Bike, ELF, PEBL, recumbent, Trike, Uncategorized

What is a recumbent trike?

by Tryx Recumbent trikes

Recumbent trikes (not to be confused with upright “adult trikes”, or “Granny trikes”) are pedal powered tricycles designed with comfortable seats that allow the rider to sit in a reclined position for better aerodynamics and all-day riding if desired.  Because of their added bulk and weight, trikes are a little slower than their two-wheeled counterparts.  That doesn’t mean trikes can’t be ridden fast, though.  For example, any rider who can pedal an upright (or “upwrong”) bicycle 20 mph can normally ride a recumbent trike 17-18 mph.  You’re using different “muscle groups”, though, so don’t be concerned if you can’t reach your top speed immediately when you stard riding a trike.  The more you ride, the easier it will be to ride fast.

But virtually anyone can ride a recumbent trike.  There’s no learning curve in riding. The only minor learning curve is in shifting gears and using hand brakes if you haven’t already learned these skills on a bicycle.  But it is not difficult to learn to shift and brake.  (Learn these skills before going on a long ride by yourself, though.)  Recumbent trikes are easier to ride than bicycles, and with so many types, brands, and styles, can be adapted to any use or purpose.  In fact, while admittedly slower, it is actually easier to climb hills on recumbent trikes than on standard bicycles.  The fact is, a standard bicycle must normally be ridden at least 3-4 mph or you fall over.  A recumbent trike, however is basically a tripod.  It won’t fall over even at zero mph.  It’s also possible to flip a recumbent trike, but not likely.  On some models you may get one wheel slightly off the ground for a second, but it takes some effort to do that intentionally, and it is not recommended.  Riding too fast while making a sharp turn can result in a spill, but ordinary, safe riding will not tip the trike.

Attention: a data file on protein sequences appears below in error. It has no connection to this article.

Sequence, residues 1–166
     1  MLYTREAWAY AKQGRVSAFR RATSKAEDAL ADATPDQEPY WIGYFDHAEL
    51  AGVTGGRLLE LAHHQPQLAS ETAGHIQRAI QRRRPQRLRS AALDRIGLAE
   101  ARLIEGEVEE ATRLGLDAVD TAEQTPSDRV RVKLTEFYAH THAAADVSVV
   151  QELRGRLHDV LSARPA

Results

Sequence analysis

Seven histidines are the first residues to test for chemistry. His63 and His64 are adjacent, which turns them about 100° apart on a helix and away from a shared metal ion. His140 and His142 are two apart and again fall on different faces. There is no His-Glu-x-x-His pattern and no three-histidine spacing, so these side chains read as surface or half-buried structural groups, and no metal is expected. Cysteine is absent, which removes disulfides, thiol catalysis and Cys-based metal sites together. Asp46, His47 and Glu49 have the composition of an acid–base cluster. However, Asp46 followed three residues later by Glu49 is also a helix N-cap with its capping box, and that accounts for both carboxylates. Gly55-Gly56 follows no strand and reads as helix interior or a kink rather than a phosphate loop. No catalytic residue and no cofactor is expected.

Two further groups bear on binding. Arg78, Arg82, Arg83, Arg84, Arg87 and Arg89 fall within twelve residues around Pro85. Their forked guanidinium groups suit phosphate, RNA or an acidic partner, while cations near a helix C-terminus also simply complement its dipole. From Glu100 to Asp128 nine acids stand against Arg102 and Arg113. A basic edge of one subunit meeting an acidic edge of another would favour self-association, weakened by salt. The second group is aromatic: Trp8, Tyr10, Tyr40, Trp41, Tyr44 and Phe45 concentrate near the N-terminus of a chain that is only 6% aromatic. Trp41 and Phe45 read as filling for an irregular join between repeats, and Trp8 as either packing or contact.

A bicycle can be ridden faster uphill, but riders typically stand on the pedals to add power to their pedaling.  That is a very inefficient use of the rider’s strength and power, and the standard bicycle rider is more tired than the recumbent trike rider after a climb.  Since trikes are normally equipped with MTB gearing with a lower gear range than standard bicycles have, shifting to a low gear will allow the trike rider to spin the pedals (cranks) and move forward at a lower speed, but more easily than on a bicycle.

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